Panic and Delay
The wreck happened so quickly, and in such dense fog, that the lookout at the Fort Point Lifesaving Station, located only a few hundred yards away from the unfolding disaster was caught completely unaware. Only when a solitary lifeboat was seen emerging from the mist were rescue boats finally launched. A few survivors were eventually found, most clinging to the ship’s wreckage. The consul-general’s entire family died in the tragedy.
Just weeks earlier, one of the vessel’s Chinese crewmen allegedly broke into a passenger cabin and accosted two female passengers. Chained below deck, the prisoner supposedly loudly vowed that everyone aboard the liner would soon rot on the sea’s bottom.
The disaster’s grim final total: 135 passengers and crew dead, including Capt. William Ward. His body washed up on the beach near Fort Point in July 1902. Ward’s remains were identified by the watch chain wrapped around his rib cage.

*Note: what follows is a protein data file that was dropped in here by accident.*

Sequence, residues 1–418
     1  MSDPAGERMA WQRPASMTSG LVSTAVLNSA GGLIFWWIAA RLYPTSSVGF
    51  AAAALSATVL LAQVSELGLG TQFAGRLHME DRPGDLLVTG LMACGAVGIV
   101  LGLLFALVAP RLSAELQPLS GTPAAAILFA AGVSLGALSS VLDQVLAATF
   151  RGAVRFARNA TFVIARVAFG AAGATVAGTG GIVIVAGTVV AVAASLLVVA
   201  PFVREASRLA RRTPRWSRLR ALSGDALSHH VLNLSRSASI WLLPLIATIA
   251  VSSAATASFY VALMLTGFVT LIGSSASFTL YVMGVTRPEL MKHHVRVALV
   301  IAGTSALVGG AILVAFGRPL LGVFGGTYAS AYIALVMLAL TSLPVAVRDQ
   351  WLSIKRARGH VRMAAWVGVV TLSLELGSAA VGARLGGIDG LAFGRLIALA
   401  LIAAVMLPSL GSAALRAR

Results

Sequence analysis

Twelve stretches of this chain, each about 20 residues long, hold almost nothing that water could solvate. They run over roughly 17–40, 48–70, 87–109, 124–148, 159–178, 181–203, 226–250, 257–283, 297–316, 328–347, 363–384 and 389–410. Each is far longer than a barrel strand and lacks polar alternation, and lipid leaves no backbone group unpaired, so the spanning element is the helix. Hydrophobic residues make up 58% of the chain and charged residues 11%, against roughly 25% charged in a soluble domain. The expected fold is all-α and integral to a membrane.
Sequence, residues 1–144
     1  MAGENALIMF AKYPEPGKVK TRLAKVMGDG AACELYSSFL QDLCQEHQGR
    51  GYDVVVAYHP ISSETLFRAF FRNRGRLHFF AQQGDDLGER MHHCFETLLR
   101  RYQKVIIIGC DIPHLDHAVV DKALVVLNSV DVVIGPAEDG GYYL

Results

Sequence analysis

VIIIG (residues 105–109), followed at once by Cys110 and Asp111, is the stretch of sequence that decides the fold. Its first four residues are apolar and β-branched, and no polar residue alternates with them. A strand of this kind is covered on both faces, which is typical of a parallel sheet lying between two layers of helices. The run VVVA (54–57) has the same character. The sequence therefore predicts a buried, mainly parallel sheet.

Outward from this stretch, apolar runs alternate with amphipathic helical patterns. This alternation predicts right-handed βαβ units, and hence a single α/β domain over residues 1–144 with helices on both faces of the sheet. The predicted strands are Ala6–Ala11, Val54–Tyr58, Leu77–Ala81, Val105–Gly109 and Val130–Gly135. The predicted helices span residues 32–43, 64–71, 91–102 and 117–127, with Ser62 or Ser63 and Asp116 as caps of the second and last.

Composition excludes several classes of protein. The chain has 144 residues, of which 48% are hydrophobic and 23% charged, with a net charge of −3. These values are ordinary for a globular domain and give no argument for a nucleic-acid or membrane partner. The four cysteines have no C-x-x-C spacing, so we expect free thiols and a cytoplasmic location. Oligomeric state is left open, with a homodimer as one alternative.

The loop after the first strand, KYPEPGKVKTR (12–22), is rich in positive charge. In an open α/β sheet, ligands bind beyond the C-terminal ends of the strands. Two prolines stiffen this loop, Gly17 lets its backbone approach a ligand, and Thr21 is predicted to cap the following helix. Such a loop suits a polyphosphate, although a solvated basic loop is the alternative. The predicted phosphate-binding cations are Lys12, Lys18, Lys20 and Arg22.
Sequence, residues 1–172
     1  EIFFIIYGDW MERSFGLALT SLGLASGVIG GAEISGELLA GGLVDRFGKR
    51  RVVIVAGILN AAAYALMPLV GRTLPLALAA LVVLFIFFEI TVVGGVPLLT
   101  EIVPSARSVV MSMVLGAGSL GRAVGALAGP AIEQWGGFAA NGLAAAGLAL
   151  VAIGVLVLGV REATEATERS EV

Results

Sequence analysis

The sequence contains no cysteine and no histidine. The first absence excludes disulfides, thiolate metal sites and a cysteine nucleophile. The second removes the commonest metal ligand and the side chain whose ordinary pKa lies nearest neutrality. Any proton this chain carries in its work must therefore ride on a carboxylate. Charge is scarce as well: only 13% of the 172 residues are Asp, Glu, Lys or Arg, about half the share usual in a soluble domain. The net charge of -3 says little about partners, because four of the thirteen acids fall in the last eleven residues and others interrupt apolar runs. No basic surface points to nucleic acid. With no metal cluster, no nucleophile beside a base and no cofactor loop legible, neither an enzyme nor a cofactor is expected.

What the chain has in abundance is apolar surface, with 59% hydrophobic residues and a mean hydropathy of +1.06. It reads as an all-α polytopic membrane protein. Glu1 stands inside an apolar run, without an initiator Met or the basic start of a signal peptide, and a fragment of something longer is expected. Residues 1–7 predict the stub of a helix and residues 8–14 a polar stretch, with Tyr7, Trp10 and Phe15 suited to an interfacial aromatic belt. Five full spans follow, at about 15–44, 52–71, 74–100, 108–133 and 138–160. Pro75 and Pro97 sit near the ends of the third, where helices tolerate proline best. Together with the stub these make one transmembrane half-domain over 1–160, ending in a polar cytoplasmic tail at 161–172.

For years, maritime historians and other had only a general idea of the shipwreck’s location. In 2014, the US National Oceanic Atmospheric Administration’s Maritime Heritage Program finally documented the City of Rio de Janeiro shipwreck in 287 feet of dark, muddy water. The study was part of a two-year program to catalogue shipwrecks in the Golden Gate National Recreation Area and the Gulf of the Farallones National Marine Sanctuary.
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